Read MRS. APHRA BEHN of The Lives of the Poets of Great Britain and Ireland (1753) Vol. III, free online book, by Theophilus Cibber, on ReadCentral.com.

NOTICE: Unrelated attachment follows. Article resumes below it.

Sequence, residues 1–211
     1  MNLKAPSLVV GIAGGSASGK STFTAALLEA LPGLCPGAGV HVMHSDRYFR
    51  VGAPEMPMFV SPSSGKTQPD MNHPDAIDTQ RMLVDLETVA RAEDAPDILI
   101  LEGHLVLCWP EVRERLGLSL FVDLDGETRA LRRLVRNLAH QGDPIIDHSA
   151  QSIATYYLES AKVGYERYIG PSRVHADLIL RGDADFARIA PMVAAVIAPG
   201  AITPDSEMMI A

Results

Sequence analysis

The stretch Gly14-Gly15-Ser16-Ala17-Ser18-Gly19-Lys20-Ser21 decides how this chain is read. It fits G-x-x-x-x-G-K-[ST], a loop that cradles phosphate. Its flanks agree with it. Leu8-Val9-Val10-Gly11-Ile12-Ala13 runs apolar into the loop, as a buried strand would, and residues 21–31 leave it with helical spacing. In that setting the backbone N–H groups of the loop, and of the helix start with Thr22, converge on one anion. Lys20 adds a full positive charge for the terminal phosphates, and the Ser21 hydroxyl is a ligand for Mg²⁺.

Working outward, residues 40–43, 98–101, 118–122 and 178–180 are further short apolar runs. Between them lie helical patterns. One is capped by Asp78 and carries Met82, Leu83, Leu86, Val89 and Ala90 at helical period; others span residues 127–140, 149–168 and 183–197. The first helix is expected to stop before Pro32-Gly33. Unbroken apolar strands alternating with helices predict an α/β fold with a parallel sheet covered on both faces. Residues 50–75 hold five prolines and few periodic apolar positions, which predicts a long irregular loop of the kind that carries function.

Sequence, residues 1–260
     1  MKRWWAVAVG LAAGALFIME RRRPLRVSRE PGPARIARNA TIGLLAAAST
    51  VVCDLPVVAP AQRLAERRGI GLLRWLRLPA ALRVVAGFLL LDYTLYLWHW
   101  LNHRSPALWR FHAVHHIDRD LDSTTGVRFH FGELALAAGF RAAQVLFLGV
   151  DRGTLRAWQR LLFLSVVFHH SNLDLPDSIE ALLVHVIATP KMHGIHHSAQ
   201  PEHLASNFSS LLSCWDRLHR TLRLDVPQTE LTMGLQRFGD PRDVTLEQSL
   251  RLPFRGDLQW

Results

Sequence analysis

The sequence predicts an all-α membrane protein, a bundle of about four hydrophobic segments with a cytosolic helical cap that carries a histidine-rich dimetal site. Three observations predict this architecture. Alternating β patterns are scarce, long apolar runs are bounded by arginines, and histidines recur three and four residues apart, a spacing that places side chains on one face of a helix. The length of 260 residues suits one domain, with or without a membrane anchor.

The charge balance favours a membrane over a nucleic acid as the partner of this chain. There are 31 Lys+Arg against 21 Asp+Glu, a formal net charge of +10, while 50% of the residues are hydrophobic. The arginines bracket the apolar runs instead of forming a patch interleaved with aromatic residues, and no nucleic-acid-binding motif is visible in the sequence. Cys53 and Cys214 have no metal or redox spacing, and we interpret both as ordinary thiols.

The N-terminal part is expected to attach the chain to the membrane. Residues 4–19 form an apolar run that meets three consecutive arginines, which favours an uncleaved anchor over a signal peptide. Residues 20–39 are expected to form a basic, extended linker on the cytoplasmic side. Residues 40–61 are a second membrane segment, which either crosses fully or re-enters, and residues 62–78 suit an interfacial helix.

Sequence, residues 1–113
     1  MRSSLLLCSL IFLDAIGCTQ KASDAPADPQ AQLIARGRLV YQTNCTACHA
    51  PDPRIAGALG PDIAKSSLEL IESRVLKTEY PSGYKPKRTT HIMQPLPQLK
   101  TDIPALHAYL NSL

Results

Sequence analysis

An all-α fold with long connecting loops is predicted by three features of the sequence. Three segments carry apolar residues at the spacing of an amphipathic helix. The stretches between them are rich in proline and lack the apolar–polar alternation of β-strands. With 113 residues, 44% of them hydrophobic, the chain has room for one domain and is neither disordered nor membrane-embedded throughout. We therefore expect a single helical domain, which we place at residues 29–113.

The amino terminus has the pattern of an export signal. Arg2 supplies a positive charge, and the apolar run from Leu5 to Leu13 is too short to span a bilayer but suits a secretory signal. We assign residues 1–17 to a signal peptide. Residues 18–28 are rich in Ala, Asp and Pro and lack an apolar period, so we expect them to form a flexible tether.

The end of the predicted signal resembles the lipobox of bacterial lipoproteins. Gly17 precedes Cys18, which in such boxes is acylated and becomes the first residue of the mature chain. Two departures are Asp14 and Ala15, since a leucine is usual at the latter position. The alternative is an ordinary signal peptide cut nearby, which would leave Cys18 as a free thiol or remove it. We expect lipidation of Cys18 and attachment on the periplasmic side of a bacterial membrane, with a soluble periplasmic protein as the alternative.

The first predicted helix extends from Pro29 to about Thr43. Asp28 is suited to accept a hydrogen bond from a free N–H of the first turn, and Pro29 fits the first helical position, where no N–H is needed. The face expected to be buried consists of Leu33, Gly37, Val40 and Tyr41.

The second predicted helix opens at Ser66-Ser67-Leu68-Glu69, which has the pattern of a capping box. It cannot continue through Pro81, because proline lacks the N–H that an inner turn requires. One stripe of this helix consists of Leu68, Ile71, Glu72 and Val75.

A celebrated poetess of the last age, was a gentlewoman by birth, being descended, as her life-writer says, from a good family in the city of Canterbury.  She was born in Charles Ist’s reign, but in what year is not known.  Her father’s name was Johnson, whose relation to the lord Willoughby engaged him for the advantageous post of lieutenant general of Surinam, and six and thirty islands, to undertake a voyage, with his whole family, to the West-Indies, at which time our poetess was very young.  Mr. Johnson died at sea, in his passage thither; but his family arrived at Surinam, a place so delightfully situated, and abounding with such a vast profusion of beauties, that, according to Mrs. Behn’s description, nature seems to have joined with art to render it perfectly elegant:  her habitation in that country, called St. John’s Hill, she has challenged all the gardens in Italy, nay, all the globe of the world, to shew so delightful a recess.  It was there our poetess became acquainted with the story and person of the American Prince Oroonoko, whose adventures she has so feelingly and elegantly described in the celebrated Novel of that name, upon which Mr. Southern has built his Tragedy of Oroonoko, part of which is so entertaining and moving, that it is almost too much for nature.  Mrs. Behn tells us, that she herself had often seen and conversed with that great man, and been a witness to many of his mighty actions, and that at one time, he, and Imoinda his wife, were scarce an hour in a day from her lodgings; that they eat with her, and that she obliged them in all things she was capable of, entertaining them with the lives of the Romans and great men, which charmed him with her company; while she engaged his wife with teaching her all the pretty works she was mistress of, relating stories of Nuns, and endeavouring to bring her to the knowledge of the true God.  This intimacy between Oroonoko and Mrs. Behn occasioned some réflexions on her conduct, from which the authoress of her life, already quoted, justified her in the following manner; ’Here, says she, I can add nothing to what she has given the world already, but a vindication of her from some unjust aspersions I find are insinuated about this town, in relation to that prince.  I knew her intimately well, and I believe she would not have concealed any love affair from me, being one of her own sex, whose friendship and secrecy she had experienced, which makes me assure the world that there was no intrigue between that Prince and Astraea.  She had a general value for his uncommon virtues, and when he related the story of his woes, she might with the Desdemona of Shakespear, cry out, That it was pitiful, wondrous pitiful, which never can be construed into an amour; besides, his heart was too violently set on the everlasting charms of his Imoinda, to be shook with those more faint (in his eye) of a white beauty; and Astrea’s relations there present kept too watchful an eye over her, to permit the frailty of her youth, if that had been powerful enough.’  After this lady’s return to London, she was married to Mr. Behn, a Merchant there, but of Dutch extraction.  This marriage strengthening her interest, and, perhaps, restoring her character, gave her an opportunity of appearing with advantage at court.  She gave King Charles ii. so accurate and agreeable an account of the colony of Surinam, that he conceived a great opinion of her abilities, and thought her a proper person to be entrusted with the management of some important affairs, during the Dutch war; which occasioned her going into Flanders, and residing at Antwerp.  Here, by her political intrigues, she discovered the design formed by the Dutch, of sailing up the river Thames, and burning the English ships in their harbours, which she communicated to the court of England; but her intelligence, though well grounded, as appeared by the event, being only laughed at and slighted, she laid aside all other thoughts of state affairs, and amused herself during her stay at Antwerp with the gallantries in that city.  But as we have mentioned that she discovered the design of the Dutch to burn our ships, it would be injustice to the lady, as well as to the reader, not to give some detail of her manner of doing it.  She made this discovery by the intervention of a Dutchman, whom her life-writer calls by the name of Vander Albert.  As an ambassador, or negociator of her sex could not take the usual means of intelligence; of mixing with the multitude, and bustling in the cabals of statesmen, she fell upon another way, perhaps more efficacious, of working by her eyes.  This Vander Albert had been in love with her before her marriage with Mr. Behn, and no sooner heard of her arrival at Antwerp, than he paid her a visit; and after a repetition of his former vows, and ardent professions for her service, pressed her to receive from him some undeniable proofs of the vehemence and sincerity of his passion, for which he would ask no reward, ’till he had by long and faithful services convinced her that he deserved it.  This proposal was so suitable to her present aim in the service of her country, that she accepted it, and employed Albert in such a manner, as made her very serviceable to the King.  The latter end of the year 1666, he sent her word, by a special messenger, that he would be with her at a day appointed, at which time, he revealed to her, that Cornelius de Wit, who, with the rest of that family, had an implacable hatred to the English nation and the house of Orange, had, with de Ruyter, proposed to the States the expedition abovementioned.  This proposal, concurring with the advice which the Dutch spies in England had given them, of the total neglect of all naval preparations, was well received, and was resolved to be put in execution, as a thing neither dangerous nor difficult.  Albert having communicated a secret of this importance, and with such marks of truth, that she had no room to doubt of it:  as soon as the interview was at an end, she dispatched an account of what she had discovered, to England.